Streetsville candidates vow to protect small businesses, heritage in Mississauga’s Ward 11
The candidate coming in to represent the residents of Mississauga’s Ward 11 will face a distinct set of challenges with a unique small business community hit hard by the COVID-19 pandemic. The winner will have to preserve the heritage features of the area, while grappling with questions around transit, crime and other issues facing Streetsville.
Long-time Ward 11 councillor George Carlson has decided to retire from Mississauga’s council, creating an opportunity for a new leader to move Streetsville forward.
Carlson announced he would be retiring earlier this year.
Mississauga’s Ward 11 is one of three across the city without an incumbent contending for reelection in the October 24 election.
Carlson has been a member of council for 22 years since being elected in 2000. Prior to that, he served as a school board trustee with the Peel District School Board – a position he held for four terms.
Ward 11 encompasses Meadowvale Village, Streetsville and part of Meadowvale Business Park and Central Erin Mills.
As with many communities in Mississauga, issues facing Ward 11 include community safety, traffic calming and affordability.
The ward’s distinct character in Meadowvale Village paired with the busy high street of independent small businesses in Streetsville gives the area a unique urban and suburban dynamic.
Traffic, speeding and parking concerns are beginning to require larger efforts around calming and enforcement. Demands for increased transit out to more suburban areas across Ward 11 are also being felt.
While it’s been a growing issue for years, crime in parts of Peel in the last year has also taken on another dimension with higher rates of car thefts. Other property crimes have also created increased concern for residents.
Housing affordability and the price of real estate in the small business sector, which is a key driver of economic activity in Streetsville, have also been top of mind for voters.
Termed “The Village in the City,” Streetsville is home to the largest number of historic buildings in Mississauga, blending its old heritage with over 300 restaurants, cafes, pubs and shops.
The heritage of the village remains intact through a balance of historical preservation alongside modern-day retail shops and services.
The next Ward 11 councillor will have to take over from Carlson’s careful stewardship of heritage in the area, while also protecting small businesses as rising pressures from urbanization in a post-pandemic world spread into Streetsville.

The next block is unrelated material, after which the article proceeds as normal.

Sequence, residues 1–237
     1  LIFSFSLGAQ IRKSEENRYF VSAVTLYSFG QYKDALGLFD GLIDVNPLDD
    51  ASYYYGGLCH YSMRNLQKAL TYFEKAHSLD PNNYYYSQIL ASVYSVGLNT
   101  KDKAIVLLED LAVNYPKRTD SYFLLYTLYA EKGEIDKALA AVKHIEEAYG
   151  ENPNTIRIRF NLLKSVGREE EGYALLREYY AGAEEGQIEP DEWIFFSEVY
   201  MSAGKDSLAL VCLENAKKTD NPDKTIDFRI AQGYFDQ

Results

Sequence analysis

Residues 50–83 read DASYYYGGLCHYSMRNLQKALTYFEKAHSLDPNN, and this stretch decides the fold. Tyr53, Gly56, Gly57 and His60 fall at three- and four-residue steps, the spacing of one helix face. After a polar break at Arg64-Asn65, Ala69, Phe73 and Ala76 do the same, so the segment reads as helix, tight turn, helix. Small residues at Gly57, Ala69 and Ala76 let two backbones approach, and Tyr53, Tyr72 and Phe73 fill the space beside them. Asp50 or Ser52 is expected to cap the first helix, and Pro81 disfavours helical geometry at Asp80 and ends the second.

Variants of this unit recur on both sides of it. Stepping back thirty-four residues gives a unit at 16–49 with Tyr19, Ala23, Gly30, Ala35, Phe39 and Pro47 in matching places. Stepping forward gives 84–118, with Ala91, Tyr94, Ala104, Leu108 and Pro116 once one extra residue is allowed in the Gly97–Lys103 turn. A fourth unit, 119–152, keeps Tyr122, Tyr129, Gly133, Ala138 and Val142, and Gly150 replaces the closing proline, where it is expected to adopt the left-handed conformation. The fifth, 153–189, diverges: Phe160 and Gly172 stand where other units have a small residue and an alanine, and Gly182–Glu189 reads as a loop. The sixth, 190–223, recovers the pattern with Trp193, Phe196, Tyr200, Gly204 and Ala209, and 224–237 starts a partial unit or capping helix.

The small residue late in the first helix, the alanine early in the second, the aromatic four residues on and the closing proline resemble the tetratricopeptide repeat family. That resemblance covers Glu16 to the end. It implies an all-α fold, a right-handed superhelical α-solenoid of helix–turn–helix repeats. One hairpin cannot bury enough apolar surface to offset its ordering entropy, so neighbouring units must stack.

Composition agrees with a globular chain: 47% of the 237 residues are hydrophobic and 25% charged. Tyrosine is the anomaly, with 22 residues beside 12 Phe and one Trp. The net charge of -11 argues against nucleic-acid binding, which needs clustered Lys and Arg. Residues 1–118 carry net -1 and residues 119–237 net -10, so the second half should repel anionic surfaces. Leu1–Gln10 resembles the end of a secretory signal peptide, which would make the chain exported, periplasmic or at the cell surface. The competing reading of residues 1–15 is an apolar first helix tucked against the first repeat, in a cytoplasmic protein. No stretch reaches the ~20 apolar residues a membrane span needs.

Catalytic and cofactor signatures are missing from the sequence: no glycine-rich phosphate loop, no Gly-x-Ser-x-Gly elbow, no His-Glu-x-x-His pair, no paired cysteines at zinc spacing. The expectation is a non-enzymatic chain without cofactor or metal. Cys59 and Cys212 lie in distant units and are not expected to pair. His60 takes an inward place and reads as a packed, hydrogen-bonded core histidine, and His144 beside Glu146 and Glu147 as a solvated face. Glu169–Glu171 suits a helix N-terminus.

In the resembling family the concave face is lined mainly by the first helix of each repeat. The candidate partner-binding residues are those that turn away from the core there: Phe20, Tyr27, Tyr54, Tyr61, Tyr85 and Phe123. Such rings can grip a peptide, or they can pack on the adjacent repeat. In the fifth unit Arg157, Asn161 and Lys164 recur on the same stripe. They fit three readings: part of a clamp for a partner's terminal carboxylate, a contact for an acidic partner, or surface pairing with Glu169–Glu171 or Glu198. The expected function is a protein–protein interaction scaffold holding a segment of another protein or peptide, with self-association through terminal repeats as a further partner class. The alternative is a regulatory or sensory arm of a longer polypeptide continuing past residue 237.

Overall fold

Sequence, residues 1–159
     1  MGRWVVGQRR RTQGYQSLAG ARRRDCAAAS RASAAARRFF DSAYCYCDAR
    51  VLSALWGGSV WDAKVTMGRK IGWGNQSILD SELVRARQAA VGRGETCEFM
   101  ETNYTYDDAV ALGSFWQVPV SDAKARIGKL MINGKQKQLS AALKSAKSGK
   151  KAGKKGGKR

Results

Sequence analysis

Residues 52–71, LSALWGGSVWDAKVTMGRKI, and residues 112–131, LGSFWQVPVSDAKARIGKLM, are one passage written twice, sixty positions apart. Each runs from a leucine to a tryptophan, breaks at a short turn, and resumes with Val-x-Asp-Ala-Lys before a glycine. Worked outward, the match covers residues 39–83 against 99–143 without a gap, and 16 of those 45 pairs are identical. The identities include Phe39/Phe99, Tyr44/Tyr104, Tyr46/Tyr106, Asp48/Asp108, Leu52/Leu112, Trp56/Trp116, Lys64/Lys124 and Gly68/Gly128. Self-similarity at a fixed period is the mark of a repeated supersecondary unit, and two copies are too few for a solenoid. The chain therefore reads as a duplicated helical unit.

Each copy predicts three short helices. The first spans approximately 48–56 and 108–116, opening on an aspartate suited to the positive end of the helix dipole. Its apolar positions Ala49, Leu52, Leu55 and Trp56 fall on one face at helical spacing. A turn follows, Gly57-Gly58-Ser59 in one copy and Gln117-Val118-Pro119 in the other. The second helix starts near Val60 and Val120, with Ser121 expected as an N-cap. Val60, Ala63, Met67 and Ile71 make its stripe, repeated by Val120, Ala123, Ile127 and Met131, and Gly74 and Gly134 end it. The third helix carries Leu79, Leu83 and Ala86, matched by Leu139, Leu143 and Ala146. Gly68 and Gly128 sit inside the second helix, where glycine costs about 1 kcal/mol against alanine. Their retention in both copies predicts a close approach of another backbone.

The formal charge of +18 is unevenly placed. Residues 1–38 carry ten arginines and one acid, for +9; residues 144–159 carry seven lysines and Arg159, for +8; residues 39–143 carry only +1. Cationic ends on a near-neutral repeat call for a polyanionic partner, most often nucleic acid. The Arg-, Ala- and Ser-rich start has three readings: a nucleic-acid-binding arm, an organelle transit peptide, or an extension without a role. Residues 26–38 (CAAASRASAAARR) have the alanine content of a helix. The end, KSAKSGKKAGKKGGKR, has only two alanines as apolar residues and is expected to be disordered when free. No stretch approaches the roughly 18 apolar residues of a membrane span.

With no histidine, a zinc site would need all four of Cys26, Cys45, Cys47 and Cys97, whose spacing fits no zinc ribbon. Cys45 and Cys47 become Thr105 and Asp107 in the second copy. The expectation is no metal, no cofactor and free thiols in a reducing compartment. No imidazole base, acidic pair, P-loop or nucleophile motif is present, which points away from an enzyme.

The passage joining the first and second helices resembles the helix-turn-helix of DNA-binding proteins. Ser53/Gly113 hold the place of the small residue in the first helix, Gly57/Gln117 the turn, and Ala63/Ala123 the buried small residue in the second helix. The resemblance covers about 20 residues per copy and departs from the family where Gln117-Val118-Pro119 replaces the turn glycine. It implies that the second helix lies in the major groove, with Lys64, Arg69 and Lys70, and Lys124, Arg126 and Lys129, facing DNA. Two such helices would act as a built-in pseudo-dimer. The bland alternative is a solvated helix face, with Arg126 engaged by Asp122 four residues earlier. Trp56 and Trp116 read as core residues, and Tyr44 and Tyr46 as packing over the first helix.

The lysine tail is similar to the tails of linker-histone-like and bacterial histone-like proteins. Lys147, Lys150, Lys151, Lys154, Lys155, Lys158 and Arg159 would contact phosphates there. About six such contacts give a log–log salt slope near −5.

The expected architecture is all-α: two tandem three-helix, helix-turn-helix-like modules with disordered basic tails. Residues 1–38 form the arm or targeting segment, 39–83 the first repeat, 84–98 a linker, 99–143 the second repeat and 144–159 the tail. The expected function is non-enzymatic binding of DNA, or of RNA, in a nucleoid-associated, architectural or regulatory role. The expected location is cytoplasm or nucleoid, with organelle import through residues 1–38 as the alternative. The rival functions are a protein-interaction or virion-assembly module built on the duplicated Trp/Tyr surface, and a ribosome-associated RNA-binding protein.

Those vying to represent Ward 11 include:
Brad Butt, who comes into the race with previous political experience as a former MP for Mississauga-Streetsville.
Butt was officially endorsed by Carlson, who wrote in a statement, “Brad Butt has the experience and the energy to be an excellent councillor. Brad is hard-working, caring and sensible. He will do a great job for all of us.”
In a statement on his website, Butt writes he hopes to continue Carlson’s strong representation of the community.
“We are in very challenging times in the City of Mississauga as we recover from the COVID pandemic and re-focus on issues like infrastructure, development, transportation, affordable housing and keep property taxes low,” reads a statement from Butt on his campaign website.
Ward 11 candidate Brad Butt has officially been endorsed by retiring candidate George Carlson, who served on Mississauga’s City Council for 22 years.
Butt’s priorities include increased investments in local infrastructure, keeping property taxes low by sourcing funds from other levels of government, and protecting heritage districts by establishing architectural criteria for infill development – which Ward 11 is a prime location for, he noted.
“Infill development is very important to people, we want to make sure we respect and preserve the character, particularly of our heritage districts in Streetsville and Meadowvale Village,” Butt said during The Pointer’s Ballot Vox podcast.
His other priorities include community safety, the environment, affordable housing, traffic/transportation and supporting businesses.
Annurag Chawla, a small business owner and real estate broker, refers to himself as “a passionate and action-oriented community leader,” on his website.
Annurag Chawla describes himself as “a passionate and action-oriented community leader.”